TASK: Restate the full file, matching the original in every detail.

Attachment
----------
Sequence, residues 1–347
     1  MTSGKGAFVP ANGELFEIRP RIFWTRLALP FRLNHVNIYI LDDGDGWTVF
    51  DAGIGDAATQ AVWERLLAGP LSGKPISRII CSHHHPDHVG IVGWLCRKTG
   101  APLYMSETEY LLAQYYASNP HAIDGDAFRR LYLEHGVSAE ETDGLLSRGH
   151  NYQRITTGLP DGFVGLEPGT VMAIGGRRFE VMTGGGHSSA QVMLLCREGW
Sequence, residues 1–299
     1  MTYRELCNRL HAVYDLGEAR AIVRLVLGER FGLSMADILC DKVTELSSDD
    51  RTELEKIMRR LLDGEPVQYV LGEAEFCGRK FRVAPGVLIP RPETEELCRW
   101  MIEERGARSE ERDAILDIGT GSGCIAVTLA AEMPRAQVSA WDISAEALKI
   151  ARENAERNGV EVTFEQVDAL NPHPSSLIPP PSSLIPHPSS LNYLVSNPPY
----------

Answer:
Sequence, residues 1–347
     1  MTSGKGAFVP ANGELFEIRP RIFWTRLALP FRLNHVNIYI LDDGDGWTVF
    51  DAGIGDAATQ AVWERLLAGP LSGKPISRII CSHHHPDHVG IVGWLCRKTG
   101  APLYMSETEY LLAQYYASNP HAIDGDAFRR LYLEHGVSAE ETDGLLSRGH
   151  NYQRITTGLP DGFVGLEPGT VMAIGGRRFE VMTGGGHSSA QVMLLCREGW
Sequence, residues 1–299
     1  MTYRELCNRL HAVYDLGEAR AIVRLVLGER FGLSMADILC DKVTELSSDD
    51  RTELEKIMRR LLDGEPVQYV LGEAEFCGRK FRVAPGVLIP RPETEELCRW
   101  MIEERGARSE ERDAILDIGT GSGCIAVTLA AEMPRAQVSA WDISAEALKI
   151  ARENAERNGV EVTFEQVDAL NPHPSSLIPP PSSLIPHPSS LNYLVSNPPY